Bruges, I have concluded, is best seen in one day. The morning can be spent getting lost around the narrow streets (a very easy task); lunchtime can provide a respite accompanied by beer, while the afternoon is best spent visiting the churches, walking alongside the canals, or sampling the local taste trinity: waffles, chocolate and more beer.
I did all this and more, since I had 48 hours in Bruges.
To be fair, this is a pretty town. It is, however, quite lacking in serious cultural entertainment, unless your travel interest include the history of chocolate, fries and beer, as all these have dedicated museums. Much as I enjoy all those food items, however, my interest in them does not go beyond the tasting, so, I didn’t go to visit any of those museums.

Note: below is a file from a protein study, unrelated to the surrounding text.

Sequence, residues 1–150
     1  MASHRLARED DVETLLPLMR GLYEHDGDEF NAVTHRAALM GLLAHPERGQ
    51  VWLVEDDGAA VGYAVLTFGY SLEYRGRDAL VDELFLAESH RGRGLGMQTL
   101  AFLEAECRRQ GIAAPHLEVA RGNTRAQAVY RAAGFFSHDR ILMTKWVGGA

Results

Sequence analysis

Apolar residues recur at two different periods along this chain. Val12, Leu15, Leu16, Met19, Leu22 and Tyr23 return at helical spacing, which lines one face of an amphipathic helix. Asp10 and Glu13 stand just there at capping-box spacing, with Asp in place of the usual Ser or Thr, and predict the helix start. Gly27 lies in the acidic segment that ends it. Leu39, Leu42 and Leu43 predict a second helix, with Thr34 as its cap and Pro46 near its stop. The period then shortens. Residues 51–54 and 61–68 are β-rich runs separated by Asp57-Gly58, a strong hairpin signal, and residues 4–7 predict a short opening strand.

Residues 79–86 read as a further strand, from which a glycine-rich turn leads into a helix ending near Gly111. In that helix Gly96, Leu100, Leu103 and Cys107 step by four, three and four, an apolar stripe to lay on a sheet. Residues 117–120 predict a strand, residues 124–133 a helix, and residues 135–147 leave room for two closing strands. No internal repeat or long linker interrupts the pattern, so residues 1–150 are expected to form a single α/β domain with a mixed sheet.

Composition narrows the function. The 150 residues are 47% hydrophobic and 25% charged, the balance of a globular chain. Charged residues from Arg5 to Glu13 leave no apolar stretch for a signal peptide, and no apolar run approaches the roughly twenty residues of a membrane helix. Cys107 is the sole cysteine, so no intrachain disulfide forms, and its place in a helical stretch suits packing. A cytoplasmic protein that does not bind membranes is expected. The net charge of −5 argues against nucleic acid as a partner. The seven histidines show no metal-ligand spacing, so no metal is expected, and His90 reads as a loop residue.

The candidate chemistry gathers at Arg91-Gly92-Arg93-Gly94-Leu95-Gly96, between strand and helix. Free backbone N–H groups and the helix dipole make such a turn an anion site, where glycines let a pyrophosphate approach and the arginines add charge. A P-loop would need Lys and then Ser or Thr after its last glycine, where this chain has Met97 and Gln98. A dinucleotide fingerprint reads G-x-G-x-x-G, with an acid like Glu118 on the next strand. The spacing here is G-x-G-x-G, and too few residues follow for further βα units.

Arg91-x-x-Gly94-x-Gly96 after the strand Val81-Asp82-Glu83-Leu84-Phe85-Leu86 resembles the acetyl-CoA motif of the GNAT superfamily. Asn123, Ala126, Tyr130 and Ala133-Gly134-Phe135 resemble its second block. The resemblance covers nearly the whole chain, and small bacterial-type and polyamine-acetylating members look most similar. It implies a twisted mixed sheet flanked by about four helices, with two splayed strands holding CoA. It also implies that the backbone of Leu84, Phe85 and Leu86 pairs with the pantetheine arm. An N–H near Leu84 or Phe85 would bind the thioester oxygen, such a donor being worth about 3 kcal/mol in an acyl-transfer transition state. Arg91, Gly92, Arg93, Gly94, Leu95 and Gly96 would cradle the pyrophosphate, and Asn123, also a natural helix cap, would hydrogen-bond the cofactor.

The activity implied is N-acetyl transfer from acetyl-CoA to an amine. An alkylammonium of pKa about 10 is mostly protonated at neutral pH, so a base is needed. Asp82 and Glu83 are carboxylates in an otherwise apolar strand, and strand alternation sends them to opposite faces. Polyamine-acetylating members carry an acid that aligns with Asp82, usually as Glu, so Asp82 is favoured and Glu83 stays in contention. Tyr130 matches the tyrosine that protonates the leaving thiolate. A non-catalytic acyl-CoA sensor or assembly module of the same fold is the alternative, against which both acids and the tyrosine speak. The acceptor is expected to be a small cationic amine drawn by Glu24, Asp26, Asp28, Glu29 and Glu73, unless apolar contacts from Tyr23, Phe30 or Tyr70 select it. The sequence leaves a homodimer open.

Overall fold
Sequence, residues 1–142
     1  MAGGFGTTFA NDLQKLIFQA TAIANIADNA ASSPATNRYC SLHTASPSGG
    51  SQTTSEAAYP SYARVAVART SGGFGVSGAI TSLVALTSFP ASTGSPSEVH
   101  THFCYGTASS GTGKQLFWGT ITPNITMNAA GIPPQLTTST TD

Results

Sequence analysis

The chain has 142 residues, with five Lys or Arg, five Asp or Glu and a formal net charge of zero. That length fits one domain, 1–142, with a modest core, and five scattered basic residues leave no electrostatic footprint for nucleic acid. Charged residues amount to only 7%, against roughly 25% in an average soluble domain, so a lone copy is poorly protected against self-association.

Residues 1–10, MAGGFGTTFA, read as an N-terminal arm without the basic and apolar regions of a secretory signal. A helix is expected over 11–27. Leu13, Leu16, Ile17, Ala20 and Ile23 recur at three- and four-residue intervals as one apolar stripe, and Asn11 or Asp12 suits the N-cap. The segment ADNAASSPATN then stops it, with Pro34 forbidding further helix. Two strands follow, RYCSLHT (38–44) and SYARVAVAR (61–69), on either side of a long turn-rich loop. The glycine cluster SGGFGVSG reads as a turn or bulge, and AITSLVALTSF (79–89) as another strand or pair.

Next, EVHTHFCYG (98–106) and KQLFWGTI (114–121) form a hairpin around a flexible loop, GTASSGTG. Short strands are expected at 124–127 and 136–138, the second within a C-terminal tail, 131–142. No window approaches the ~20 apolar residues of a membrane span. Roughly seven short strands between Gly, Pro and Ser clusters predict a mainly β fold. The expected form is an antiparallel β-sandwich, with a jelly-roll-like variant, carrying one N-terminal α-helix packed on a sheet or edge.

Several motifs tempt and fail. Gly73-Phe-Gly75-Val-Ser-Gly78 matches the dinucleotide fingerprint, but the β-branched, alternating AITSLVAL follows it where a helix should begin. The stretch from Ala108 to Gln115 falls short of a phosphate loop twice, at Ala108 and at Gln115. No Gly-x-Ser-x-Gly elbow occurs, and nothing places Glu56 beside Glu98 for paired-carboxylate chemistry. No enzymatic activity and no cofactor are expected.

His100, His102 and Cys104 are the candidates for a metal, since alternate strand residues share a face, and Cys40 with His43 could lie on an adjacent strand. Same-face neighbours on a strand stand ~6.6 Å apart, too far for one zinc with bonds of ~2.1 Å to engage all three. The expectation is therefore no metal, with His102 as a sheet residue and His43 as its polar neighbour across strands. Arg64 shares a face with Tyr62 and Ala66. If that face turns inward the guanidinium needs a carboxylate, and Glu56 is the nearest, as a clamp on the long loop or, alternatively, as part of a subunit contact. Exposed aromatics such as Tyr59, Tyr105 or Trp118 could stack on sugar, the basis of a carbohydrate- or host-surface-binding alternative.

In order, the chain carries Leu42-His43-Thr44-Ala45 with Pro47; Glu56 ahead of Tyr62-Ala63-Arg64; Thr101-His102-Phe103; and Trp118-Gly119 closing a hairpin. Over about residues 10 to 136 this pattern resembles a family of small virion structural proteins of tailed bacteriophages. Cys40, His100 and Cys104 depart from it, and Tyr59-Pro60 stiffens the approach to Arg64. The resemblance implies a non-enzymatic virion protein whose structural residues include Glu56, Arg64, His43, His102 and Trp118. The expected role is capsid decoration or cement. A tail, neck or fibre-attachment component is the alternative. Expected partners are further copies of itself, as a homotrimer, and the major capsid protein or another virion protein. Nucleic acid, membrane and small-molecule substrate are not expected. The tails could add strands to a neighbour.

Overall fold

I did go to see the churches, though, I simply had to. The Church of Our Lady, for one, is a must on any art lover’s itinerary, as it houses the only statue of Michelangelo in its intended location (i.e., not in a museum) outside of Italy. His Madonna is believed to have been meant for the Sienna Cathedral, but was insteaad bought by two merchants from Bruges and donated to the city in 1504.
The Bruges Cathedral, on the other hand, called St Salvator’s Church, is not home to world renowned treasures, but has the most impressive stained glass windows’ I’ve ever seen. Unfortunately, both churches are currently undergoing extensive renovation, which dampens the experience a little.
Other than that, I spent the rest of my time walking the narrow streets and wandering alongside the canals.
I did like Bruges, overall, but I think its loving nickname, the Venice of the North, is a huge exaggeration! Bruges, to me, is a town to visit after you have run out of other beautiful European towns and cities to visit. As is, indeed, Belgium.
Go in for the beer, enjoy the waffles, buy handmade chocolate and take your photos, by all means. But don’t go to Bruges expecting anything like Venice, or you’ll be rather disappointed.